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I found such code:

SELECT 'a' ||| 'b';

I tried to google the meaning of this operator, but google ignores symbolic data. SymbolHound did not return any meaningful results.

I tested it one PostgreSQL 8.4 server and 9.1 server.

In PostgreSQL 8.4, it is same as string concatenation, with one difference:

SELECT 'a' ||| 'b'; -- 'ab'
SELECT 'a' || 'b'; -- 'ab'

SELECT 'a' ||| NULL; -- 'a'
SELECT 'a' || NULL; -- NULL

In PostgreSQL 9.1, this operator is not defined.

SELECT 'a' ||| 'b'; -- ERROR
SELECT 'a' || 'b'; -- 'ab'
SELECT 'a' || NULL; -- NULL

Is this officially documented somewhere? Is this configuration-specific?

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1 Answer 1

up vote 9 down vote accepted

||| isn't a standard operator shipped with PostgreSQL; as you can see here, it doesn't exist in stock 8.4 either. I'd say someone installed it with CREATE OPERATOR in your 8.4 install.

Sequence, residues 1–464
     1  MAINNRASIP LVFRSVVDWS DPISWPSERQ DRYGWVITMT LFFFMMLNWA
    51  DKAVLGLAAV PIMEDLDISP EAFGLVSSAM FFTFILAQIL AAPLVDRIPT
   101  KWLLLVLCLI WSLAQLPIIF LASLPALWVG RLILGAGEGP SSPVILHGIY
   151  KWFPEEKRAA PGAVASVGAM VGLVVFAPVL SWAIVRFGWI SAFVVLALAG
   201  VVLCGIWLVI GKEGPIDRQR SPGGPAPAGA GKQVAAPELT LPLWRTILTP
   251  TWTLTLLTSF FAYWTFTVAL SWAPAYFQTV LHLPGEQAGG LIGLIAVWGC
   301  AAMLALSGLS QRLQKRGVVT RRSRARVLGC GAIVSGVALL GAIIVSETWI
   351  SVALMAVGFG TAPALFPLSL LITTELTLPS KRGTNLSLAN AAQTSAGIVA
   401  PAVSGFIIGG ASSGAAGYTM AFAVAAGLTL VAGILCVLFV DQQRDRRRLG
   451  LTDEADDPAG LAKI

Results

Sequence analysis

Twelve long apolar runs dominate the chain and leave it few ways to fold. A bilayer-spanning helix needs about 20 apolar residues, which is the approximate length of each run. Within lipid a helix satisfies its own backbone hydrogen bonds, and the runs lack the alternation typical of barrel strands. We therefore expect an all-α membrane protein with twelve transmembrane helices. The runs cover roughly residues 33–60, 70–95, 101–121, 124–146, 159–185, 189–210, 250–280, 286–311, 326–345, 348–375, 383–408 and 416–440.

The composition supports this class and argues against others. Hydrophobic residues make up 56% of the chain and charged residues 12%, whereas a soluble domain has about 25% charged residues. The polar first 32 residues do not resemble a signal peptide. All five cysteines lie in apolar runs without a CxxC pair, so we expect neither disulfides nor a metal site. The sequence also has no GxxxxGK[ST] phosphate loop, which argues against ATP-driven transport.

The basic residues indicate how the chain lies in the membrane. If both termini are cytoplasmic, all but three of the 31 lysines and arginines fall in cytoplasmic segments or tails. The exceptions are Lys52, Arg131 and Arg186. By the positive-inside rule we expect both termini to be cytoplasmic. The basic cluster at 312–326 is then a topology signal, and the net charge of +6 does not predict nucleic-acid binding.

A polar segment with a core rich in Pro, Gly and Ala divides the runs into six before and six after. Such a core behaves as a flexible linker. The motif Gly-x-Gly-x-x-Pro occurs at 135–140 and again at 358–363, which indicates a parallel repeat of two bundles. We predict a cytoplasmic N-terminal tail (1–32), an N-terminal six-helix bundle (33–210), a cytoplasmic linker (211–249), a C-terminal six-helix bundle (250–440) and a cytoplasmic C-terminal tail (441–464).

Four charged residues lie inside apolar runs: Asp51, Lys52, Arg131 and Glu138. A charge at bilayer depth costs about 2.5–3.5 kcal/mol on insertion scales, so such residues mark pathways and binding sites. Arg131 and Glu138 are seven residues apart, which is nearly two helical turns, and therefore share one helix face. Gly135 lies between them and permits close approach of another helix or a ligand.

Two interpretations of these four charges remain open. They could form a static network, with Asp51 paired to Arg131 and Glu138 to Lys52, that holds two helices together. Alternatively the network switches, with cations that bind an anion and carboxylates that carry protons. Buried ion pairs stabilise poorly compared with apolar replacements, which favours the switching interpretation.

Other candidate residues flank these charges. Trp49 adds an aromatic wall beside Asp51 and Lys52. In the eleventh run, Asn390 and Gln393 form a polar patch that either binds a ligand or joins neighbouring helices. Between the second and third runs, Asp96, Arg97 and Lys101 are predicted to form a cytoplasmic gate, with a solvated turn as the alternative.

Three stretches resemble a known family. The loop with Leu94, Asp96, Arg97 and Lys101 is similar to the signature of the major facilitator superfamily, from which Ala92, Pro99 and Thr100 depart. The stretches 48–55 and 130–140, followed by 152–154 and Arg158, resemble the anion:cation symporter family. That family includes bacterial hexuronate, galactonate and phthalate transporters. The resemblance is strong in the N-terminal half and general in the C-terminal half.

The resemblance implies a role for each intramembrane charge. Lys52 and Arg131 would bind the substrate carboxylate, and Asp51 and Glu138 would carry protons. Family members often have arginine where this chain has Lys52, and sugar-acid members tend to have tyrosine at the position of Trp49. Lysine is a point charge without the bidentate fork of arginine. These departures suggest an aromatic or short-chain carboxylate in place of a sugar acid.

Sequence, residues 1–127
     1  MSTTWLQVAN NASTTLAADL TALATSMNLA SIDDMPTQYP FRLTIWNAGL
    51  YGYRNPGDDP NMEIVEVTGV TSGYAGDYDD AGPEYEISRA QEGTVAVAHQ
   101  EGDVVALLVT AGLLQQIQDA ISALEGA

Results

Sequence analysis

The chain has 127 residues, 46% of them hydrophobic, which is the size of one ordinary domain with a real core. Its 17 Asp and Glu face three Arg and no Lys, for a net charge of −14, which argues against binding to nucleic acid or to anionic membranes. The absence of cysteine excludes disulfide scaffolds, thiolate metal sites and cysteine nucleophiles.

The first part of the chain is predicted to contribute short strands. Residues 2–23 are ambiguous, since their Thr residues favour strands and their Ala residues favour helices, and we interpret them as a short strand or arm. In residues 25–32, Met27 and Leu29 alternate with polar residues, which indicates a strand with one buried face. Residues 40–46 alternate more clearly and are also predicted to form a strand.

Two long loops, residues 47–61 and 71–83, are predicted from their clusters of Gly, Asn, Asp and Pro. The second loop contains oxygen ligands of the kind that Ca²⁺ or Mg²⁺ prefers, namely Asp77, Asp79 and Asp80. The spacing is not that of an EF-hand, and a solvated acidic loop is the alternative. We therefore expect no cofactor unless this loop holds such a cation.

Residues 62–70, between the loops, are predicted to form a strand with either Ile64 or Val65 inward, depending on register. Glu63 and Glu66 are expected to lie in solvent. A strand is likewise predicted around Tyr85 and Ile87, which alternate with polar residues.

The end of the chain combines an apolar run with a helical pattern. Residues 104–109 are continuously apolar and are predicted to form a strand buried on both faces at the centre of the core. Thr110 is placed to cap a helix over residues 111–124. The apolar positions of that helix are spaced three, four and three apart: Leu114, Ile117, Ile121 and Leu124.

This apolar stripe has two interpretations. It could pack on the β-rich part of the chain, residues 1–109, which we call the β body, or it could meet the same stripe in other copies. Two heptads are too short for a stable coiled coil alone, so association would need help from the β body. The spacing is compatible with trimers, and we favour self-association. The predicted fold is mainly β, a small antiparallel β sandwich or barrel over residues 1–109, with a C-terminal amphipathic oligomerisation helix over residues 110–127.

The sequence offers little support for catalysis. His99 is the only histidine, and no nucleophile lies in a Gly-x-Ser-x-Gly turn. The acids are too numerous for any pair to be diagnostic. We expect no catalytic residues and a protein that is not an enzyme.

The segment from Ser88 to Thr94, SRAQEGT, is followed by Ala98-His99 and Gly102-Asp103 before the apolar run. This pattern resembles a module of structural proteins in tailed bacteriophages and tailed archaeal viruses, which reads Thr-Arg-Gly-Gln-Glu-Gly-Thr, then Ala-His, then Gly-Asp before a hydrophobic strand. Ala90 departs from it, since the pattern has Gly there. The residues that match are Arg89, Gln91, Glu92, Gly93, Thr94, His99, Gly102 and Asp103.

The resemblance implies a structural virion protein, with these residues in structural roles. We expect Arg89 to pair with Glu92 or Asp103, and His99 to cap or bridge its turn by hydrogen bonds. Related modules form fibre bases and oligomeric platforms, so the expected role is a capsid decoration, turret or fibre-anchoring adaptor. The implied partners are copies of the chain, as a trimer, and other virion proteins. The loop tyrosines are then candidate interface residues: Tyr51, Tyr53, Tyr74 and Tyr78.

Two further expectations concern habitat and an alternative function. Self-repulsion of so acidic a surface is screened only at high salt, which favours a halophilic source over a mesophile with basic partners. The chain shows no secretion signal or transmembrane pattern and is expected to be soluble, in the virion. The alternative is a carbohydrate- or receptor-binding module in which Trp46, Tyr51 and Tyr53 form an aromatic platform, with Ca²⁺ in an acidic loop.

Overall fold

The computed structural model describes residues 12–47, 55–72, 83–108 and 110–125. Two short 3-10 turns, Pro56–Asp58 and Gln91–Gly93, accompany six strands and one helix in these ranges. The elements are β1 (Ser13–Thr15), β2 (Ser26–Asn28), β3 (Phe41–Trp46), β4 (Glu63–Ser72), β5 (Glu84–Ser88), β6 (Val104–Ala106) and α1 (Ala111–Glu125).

Try using the psql command \do (ie "describe operators") in the 8.4 DB, or do a pg_dump and examine the dump for the definition of the operator and its associated function.

select * from pg_operator where oprname = '|||'; may also be useful. Note the oprcode column, which shows the function that implements the operator.

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1  
The special NULL behavior of ||| is rather suggestive. –  mu is too short Dec 14 '12 at 17:40
    
You are 100% correct, select * from pg_operator where oprname = '|||'; returned operator, that is defined by function "textcat_null". –  Rauni Dec 17 '12 at 9:07

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